What is the purpose of a cancer registry?

What is the purpose of a cancer registry How is it important?

A cancer registry is essential for collecting, compiling, and analyzing cancer data throughout the state. Cancer registries across the country collect data on nearly 1.6 million cancer cases each year, including information on location, how cancer spreads, and how cancer is treated.

What is the role of the cancer registrar?

Cancer registrars are data information specialists who collect and report cancer statistics. Cancer registrars capture a complete history, diagnosis, treatment, and health status for every cancer patient in the U.S.

What information is maintained in the cancer registry?

Cancer registries maintain a wide range of demographic and medical information: Demographic information: age, gender, race/ethnicity, birthplace, and residence. Medical history: physical findings, screening information, occupation, and any history of a previous cancer.

How are cancer registries used?

Because cancer registry data provide a census of cancer cases, registry data can be used to: 1) define and monitor cancer incidence at the local, state, and national levels; 2) investigate patterns of cancer treatment; and 3) evaluate the effectiveness of public health efforts to prevent cancer cases and improve cancer …

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Why is it important to know about cancer?

Physicians need cancer data to learn more about the causes of cancer and detect cancer earlier, thereby increasing the chance of finding a cure. Cancer specialists make treatment choices based on accurate cancer data from such sources as reports from pathologists and cytologists.

Do all states have a cancer registry?

Before the NPCR was established, 10 states had no registry, and most states with registries lacked the resources and legislative support they needed to gather complete data. Today, the NPCR supports central cancer registries in 45 states, the District of Columbia, Puerto Rico, and the US Pacific Island Jurisdictions.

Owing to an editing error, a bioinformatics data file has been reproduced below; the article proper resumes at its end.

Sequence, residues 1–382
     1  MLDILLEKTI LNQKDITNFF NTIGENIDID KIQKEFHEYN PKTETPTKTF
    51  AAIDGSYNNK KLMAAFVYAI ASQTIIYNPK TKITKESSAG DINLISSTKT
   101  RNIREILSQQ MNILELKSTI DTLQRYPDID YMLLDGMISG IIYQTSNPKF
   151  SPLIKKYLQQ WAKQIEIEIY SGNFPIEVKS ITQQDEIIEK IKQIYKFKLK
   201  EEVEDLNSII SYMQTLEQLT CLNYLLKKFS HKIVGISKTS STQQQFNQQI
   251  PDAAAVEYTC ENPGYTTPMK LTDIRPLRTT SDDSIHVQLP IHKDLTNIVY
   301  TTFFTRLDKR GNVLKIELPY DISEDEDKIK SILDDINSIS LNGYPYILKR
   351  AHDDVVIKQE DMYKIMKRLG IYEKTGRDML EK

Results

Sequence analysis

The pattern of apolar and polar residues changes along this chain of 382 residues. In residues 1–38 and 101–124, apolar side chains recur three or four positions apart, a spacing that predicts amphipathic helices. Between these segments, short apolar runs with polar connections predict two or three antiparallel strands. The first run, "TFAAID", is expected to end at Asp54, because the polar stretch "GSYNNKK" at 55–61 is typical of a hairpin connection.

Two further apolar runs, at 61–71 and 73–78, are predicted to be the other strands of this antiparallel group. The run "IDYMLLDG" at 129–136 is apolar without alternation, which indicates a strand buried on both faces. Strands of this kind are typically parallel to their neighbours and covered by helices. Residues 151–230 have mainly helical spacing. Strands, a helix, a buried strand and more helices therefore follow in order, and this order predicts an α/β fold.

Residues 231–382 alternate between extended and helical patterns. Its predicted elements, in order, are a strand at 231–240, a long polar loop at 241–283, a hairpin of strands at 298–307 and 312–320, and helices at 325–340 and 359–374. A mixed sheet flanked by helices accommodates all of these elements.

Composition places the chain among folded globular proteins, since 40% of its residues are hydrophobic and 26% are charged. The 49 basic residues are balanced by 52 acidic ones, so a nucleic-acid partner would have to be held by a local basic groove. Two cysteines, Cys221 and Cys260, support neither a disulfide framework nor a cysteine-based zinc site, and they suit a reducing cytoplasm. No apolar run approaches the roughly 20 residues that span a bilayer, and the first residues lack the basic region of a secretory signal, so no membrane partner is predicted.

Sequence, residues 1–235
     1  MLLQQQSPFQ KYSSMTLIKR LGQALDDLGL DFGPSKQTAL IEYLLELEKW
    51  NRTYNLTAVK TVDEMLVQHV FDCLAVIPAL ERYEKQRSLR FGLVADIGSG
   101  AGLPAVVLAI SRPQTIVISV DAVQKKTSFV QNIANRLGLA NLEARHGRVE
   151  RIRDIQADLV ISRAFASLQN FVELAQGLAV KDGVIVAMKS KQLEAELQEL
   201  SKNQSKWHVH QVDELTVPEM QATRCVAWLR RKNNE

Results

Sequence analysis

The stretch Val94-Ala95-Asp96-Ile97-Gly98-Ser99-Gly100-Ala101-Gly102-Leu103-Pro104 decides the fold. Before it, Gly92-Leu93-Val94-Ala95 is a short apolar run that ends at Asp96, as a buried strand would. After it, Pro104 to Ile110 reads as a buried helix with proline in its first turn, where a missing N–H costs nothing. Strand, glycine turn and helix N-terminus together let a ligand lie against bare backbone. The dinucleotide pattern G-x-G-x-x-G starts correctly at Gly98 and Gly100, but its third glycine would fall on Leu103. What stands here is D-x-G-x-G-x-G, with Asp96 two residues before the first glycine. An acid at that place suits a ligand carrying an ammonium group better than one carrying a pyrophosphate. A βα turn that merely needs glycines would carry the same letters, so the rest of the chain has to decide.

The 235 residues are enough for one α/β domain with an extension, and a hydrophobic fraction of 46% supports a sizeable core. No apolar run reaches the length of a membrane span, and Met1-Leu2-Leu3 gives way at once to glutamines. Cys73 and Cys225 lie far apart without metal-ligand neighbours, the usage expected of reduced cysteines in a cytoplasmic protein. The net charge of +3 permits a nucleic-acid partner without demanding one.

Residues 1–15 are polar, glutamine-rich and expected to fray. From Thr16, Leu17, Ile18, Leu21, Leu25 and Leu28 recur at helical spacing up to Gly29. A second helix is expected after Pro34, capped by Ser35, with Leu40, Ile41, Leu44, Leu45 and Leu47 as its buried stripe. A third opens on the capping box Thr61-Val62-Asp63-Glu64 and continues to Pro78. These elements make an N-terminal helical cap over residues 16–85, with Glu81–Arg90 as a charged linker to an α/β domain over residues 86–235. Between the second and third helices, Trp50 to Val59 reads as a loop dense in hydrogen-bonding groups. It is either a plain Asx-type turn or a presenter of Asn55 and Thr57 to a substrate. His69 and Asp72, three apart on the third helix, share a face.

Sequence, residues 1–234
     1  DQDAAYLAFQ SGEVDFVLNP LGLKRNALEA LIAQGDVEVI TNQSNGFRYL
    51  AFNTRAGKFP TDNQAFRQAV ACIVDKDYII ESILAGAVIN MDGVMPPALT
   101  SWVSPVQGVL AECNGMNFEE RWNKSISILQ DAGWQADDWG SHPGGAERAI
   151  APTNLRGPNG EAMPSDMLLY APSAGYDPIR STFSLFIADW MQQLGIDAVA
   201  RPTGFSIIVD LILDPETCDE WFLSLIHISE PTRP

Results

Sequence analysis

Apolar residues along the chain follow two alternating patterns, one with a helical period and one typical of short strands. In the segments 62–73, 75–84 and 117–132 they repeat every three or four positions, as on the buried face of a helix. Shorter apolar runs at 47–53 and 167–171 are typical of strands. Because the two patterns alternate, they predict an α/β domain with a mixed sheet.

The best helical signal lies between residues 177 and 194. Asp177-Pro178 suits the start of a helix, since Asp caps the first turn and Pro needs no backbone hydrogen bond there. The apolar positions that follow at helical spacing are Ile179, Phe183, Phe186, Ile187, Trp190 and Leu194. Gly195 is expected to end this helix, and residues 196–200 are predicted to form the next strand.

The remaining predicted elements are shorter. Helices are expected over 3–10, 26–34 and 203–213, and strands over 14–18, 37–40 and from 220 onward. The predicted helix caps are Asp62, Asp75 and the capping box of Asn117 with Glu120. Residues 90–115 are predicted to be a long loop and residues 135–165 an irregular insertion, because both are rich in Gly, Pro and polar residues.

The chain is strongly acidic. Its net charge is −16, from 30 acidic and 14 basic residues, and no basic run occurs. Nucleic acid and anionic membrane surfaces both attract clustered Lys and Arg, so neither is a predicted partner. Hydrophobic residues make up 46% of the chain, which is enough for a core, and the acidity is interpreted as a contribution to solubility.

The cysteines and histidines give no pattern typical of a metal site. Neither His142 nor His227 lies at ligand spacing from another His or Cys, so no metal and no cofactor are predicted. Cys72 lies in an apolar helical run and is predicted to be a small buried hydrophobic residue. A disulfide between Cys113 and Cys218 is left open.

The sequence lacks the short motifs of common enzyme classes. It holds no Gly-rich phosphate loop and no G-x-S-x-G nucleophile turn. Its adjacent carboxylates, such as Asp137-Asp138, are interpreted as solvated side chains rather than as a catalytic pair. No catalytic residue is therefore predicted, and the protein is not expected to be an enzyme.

Do cancer registrars work from home?

Working remotely is a growing trend for cancer registrars. Some hospitals promote this option, but others do not. Many require a few years of experience in the hospital before allowing remote working from home. Some registrars work for outsourcing companies hired by hospitals to staff their cancer registry.

What degree do you need to be a cancer registrar?

Earn an Associate Degree or complete 60-Hours of College-Level Courses, including Six College Credit Hours in Human Anatomy and Human Physiology. Complete one year (1,950 hours) of Cancer Registry Experience. Pass the Certified Tumor Registrar (CTR) Exam. Maintain the CTR Credential with Continuing Education Courses.

How often is data reported to the cancer registry?

Once a year, state central cancer registries send information on cancers diagnosed in the state to CDC. The cancer information is reviewed and added to the United States Cancer Statistics database.

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Who usually collects and maintains cancer registry data?

Cancer registrars—also known as tumor registrars—are highly trained data management experts who collect and process cancer data.

What is population cancer registry?

Population-based cancer registries (PBCRs) aim to identify all cases of cancer that occur in a defined population. A defined set of variables is recorded for each case; the minimum number is 10, but most registries have a more extensive dataset.